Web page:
Wine vs. Beer Throwdown

Back in early September Chef Michael Farber and I were at Brothers discussing Wittgenstein over a game of Backgammon when our mutual friend Dimitri van Kampen, the owner of Spearhead Brewing Co. arrived. He was overcome with a spell of liquid courage and threw down his gauntlet publicly challenging me to a duel--a wine vs beer pairing "throw-down". As a gentleman whose honour was offended, I demanded satisfaction and accepted the challenge. Chef Farber graciously offered his restaurant as a venue and to prepare for us a three course meal to facilitate the duel. I usually prefer to remain the strong silent type but Dimitri's agressive trash-talk began immediately in September. So with less than a week to go, the time has come to put out the fine china and set the record straight.

File photo: Dimitri van Kampen

Dimitri, pictured left rocking out with a much less interested man, thinks I'm intimidated by his challenge; but he shouldn't mistake my kindness for weakness. I admire his enthusiasm but he flatters himself. Having done wine dinners with Michelin-starred chefs and some of the world's top winemakers has more than prepared me for a duel with Dimitri. Spearhead burst onto the Ontario craft beer scene in 2011 with their popular Hawaiian-style Pale Ale known for its high alcohol, big hops, and pineapple fruit flavour. A year later they're back with a seasonal second beer temporarily in the arsenal--a Moroccan-style Pale Ale made with dates, figs and raisins which features more than a dash of cinnamon and sugar. Now Dimitri seems to be targeting the more delicate cuisine of the fine dining market with his high octane beers and is challenging me to make his case.

So the terms were set for Michael Farber to independently develop a seasonal three course menu for the duel. Dimitri would pair his two beers along with a 3rd wild card beer of his choosing, and I would pick any three wines for my pairings. Neither of us will have had the opportunity to taste the menu beforehand, we only have a list of ingredients to base our pairings. We will be presenting our choices between each course to provide some context to support our pairings. For his sake I hope there is pineapple on the menu. Godspeed.

The menu is set and the game is on for Wednesday, November 21st, 7:00pm at Farb's Kitchen & Wine Bar, 18 Beechwood Ave, Ottawa. Tickets are $60 plus taxes and gratuity, wine and beer pairings are included. It is a blind tasting menu, so we can't tell you whats in it, or what we're pairing. But you can rest assured that Farber's food will be tops and that I will be bringing some outstanding wines to do battle with Dimitri's beer. Note: It is not a vegetarian dinner and you will be expected to vote by secret ballot on your favourite pairings. So overall a great night of food, wine, beer and entertainment.

We're looking at only 1 seating of 40 people tops. So please reserve your seats immediately. You can call the restaurant directly at 613-744-6509.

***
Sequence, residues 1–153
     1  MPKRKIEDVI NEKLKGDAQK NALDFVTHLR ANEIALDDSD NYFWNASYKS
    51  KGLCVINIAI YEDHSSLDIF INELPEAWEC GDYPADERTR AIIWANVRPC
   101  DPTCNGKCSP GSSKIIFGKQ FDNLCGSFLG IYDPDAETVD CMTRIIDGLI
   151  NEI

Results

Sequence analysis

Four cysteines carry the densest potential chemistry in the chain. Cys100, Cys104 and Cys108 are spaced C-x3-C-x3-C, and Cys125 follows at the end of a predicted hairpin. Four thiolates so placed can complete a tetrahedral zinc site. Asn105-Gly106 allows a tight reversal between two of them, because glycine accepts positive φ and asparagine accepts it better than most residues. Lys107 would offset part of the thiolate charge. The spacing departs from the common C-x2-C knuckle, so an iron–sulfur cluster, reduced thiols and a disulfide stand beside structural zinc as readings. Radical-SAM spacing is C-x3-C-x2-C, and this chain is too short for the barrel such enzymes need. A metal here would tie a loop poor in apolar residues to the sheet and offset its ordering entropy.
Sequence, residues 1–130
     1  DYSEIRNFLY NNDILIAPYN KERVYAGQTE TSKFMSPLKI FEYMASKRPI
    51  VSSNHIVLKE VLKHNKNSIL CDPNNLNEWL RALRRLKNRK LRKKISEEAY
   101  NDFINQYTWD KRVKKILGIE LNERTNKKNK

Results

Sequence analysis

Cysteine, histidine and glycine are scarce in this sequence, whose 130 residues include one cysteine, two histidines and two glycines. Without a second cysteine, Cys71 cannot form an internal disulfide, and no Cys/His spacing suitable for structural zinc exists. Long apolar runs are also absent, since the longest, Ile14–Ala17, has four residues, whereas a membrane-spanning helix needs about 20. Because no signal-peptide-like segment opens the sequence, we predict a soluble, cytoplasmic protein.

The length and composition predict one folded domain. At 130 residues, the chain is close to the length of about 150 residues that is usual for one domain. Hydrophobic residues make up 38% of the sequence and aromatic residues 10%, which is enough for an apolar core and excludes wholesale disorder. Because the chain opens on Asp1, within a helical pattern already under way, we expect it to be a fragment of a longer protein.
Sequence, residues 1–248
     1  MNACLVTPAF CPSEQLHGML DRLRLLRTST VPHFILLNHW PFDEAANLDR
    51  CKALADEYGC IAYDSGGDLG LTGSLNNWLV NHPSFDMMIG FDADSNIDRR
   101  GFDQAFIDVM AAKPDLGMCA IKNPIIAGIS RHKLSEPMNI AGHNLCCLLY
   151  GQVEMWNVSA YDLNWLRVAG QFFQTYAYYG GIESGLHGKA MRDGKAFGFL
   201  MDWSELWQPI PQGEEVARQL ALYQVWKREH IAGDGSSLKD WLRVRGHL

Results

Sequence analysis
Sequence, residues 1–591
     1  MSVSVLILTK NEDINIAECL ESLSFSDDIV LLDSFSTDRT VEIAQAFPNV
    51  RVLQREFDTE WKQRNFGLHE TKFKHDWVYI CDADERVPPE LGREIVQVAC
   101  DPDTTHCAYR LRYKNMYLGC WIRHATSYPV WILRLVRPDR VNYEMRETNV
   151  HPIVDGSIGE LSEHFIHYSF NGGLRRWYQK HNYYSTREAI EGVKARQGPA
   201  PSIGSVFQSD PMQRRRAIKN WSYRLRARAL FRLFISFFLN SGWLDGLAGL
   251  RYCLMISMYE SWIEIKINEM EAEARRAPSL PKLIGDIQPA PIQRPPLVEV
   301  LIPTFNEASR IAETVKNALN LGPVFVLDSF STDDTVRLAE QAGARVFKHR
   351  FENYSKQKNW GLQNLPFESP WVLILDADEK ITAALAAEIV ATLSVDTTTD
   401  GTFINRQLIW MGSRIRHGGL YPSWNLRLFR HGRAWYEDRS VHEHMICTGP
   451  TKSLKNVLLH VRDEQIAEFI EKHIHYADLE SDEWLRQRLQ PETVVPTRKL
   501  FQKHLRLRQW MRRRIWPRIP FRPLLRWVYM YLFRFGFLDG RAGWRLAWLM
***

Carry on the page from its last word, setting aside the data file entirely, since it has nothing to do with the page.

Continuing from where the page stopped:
24 Hours in Vancouver

Throughout my 10 days in the Okanagan working harvest I was inevitably teased with stories of Vancouver's great restaurant scene and overrun with dining recommendations. 2007 was the last time I was in Vancouver and a lot has changed in its culinary scene, so I decided to pull the chute and cut my Okanagan trip a day early to go on a 1 day bender exploring restaurants to try get the pulse of Vancouver dining. Even though I didn't veer too far out of Gastown, here are a few highlights:

There was almost unanimous consensus in the Okanagan that my one must-visit for lunch was Meat and Bread at Hastings and Cambie. What a cool spot! Guys, somebody please open one of these in Ottawa! I had their Fraser Valley Veal sandwich and a Phillips Brewery 'Blue Buck' beer (which aesthetically could be the official beer of Capital Wine).

Next it was onto Salt Tasting Room on Blood Alley, an unlikely back alley just north of Hastings. I'd heard about this place for years, but never been. Minimalist cement, wood and metal design...couldn't be more my style. I had a great flight of BC wines that I wasn't able to try while in the Valley, perfectly paired with a mix of preserves, cheese and charcuterie. And turns out that seemingly shady Blood Alley is actually home to quite a cluster of great restaurants--I also popped by the elegant Boneta wine bar for an app and drink and went around the corner for a few cocktails from the passionate bartenders at L'Abattoir. All a stones throw from Salt...Great little area.


It was unfortunate that I only stopped by for drinks at Hawksworth in the Georgia hotel, this may have been the overall highlight had I spent some more time there. The service, design and wine list were tops. And I'd be lying if I said I wasn't a little in love with their logo (similar black and white minimalism to Capital Wine?). The bottle of Little Farm Riesling we drank in the lounge was one of my favourite Rieslings I tried on the entire trip, and our server was an alumnus of Restaurant 18 here in many good things happening there. It will be the top of my list to revisit on my next trip out west.

A visit to YEW inside the Four Seasons involved a few more Phillips Blue Buck Ales and a surf and turf charcuterie board that was outstanding. It was nice to meet the affable Executive Chef Ned Bell, turns out he has a lot of Ottawa homeboys as well. It was becoming clear to me that Vancouver does hotel restaurants and bars really really well!

While Meat and Bread, Salt and Hawksworth may have been my favourite stops from a list of 10 restaurants in 24 hours, very honourable mentions also go to Chambar, Wild Rice and Catch 122. Everything was really impressive and all within the Gastown area walking distance from my hotel. I'm a big fan of Vancouver again!